When I was a small kid, people called Brazil nuts “nigger toes.”  Racism wasn’t a concept to me then.  The idea that they were “toes” bugged me.  In my mind, I knew they were a plant item that grew on a tree or a vine or something, but I was completely puzzled that someone would revel in the idea of eating a black person’s toe.  Obviously it was the big toe… so what happened to the other toes?  Do you eat those too or just throw them out, like you do the with the rest of the frog when you eat frog legs?  Oh wait.  That’s right.  They’re not really toes.

I grew up in a small Midwestern town with a definite caucasian majority.  I wasn’t really aware of the idea of racism as a kid until I was about seven or eight, and that was because of conversations at “the beach” at Lake Storey.  You see, we used to go swimming in the lake, and our town had a huge lakeside pavilion.  It was build next to a sandy bank on the north side of the lake that served as a beach.  There was a clay bed beneath the sand to hold it in place (I used to like to dig under the sand, pull up the clay, and use it to line the moats of my sandcastles). It was hardly a real beach, but then Lake Storey wasn’t a real lake either, it was a man-made body of (murky) water controlled by a spillway.

Sometimes when I was playing at “the beach” I would hear other kids talking about “Nigger Beach.”  This mysterious place, it seemed, was positioned somewhere on the other side of the vast body of water that was Lake Storey, but I couldn’t see it because it was strategically positioned out of sight from the pavilion where we were playing.  Distance, angle, and trees obscured it from view.

Some of the white kids told some incredible stories of the things that would go on at Nigger Beach.  It seemed a scary place, someplace I surely wouldn’t want to be caught.  At times when I was able to get a paddle-boat to venture out on the water, I made sure to stay on the north side of the lake.

It seems that even as late as the early ’70s, there was an unspoken rule of segregation regarding Lake Storey.  I never went to the south side of the beach until I was a teenager, but I’ve heard stories from black people who grew up in my town about playing at the south side beach.  Apparently it was quite active back then.  By the time I saw it, it was an abandoned area with a run down pavilion, which I noted was a much, much smaller than the building on the north side of the beach.  Also, I noted the lack of a sandy appearance.  It seemed the “beach” was more of a “paved with cobblestones” kind of thing.  By the ’80s, the segregation had gone from the lake, but hardly anyone played there anymore anyway (they even tried to revive the area with a water slide).  The south side pavilion area, though, retained the name “Nigger Beach” well into the ’80s, even among many blacks.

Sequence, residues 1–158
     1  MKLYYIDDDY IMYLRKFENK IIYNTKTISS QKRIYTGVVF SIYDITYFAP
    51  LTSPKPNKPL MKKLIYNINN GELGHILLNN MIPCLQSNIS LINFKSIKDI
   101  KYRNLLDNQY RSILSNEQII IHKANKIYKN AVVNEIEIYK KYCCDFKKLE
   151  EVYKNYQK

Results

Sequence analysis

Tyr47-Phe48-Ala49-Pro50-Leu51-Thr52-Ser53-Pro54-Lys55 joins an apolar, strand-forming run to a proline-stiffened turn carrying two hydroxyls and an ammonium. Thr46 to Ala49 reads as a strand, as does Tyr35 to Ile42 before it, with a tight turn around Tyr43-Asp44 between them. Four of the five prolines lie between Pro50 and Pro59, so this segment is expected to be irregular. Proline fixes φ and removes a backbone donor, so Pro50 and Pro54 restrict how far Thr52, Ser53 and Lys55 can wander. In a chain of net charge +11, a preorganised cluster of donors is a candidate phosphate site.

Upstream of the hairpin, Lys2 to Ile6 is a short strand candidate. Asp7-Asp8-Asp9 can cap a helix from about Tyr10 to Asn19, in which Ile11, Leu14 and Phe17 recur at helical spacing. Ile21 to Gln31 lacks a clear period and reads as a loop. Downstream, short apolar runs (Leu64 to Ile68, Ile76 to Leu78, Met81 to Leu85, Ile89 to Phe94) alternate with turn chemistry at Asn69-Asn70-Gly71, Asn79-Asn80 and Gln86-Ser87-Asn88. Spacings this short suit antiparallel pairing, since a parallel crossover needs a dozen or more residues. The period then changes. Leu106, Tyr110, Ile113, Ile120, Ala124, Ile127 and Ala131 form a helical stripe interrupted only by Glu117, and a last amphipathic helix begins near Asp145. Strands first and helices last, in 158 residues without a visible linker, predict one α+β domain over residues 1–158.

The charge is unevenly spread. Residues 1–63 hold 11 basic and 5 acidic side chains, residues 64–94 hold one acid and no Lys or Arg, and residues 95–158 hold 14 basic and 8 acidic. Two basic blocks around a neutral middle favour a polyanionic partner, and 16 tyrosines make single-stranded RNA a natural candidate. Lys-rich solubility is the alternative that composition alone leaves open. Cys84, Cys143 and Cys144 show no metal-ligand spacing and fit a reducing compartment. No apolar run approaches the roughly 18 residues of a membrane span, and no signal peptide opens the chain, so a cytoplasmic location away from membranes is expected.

It’s strange to think that kind of attitude was commonplace in my lifetime.  An even stranger tale of racism was told to me by my grandfather.  Apparently, while a crew was building one of the city’s new schools across the street from his house (I think before I was born), he had conversations with some of the construction workers.   One of the subjects revolved around bricks.  In their supply of materials, there were some bricks that had baked longer than others, making them darker in appearance.  They were shooting for a sandy-beige color and the darker ones took on a more brownish tint.   Grandpa said they called the really dark bricks “nigger babies.”  Apparently, they’d built an entire wall of the school, spacing the “nigger babies” and bricks of other various tints around for an even look.  When they’d nearly completed the wall, a supervisor made them tear it down and rebuild it without the “nigger babies.”   Why?  Simply because they were “nigger babies” and he didn’t want his wall to have anything to do with “niggers.”

Now granted I got this story second hand, but my grandfather was not one to tell tall tales and my hometown has stranger tales of twisted logic.  After all, they let “Nigger Beach” stay in operation into the ’70s, yes?  Even now, there are white people in my hometown who are vehemently racist.  Not that it’s unique… I currently live in Oakland and racism thrives there in many ways; whites against blacks, blacks against whites, blacks against Latinos, everyone vs. the Chinese.  But what’s strange to me is the time before I realized my small town culture was racist.  Back when nigger toes were nigger toes and it was no big deal.  You know… I wonder what black people call Brazil nuts.

By the way, Brazil nuts are neither from Brazil nor are they nuts.  They are seeds and they’re from Bolivia.

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Link:  Urban Dictionary’s definition of “nigger toes”
Image purchased from 123RF Stock Photos

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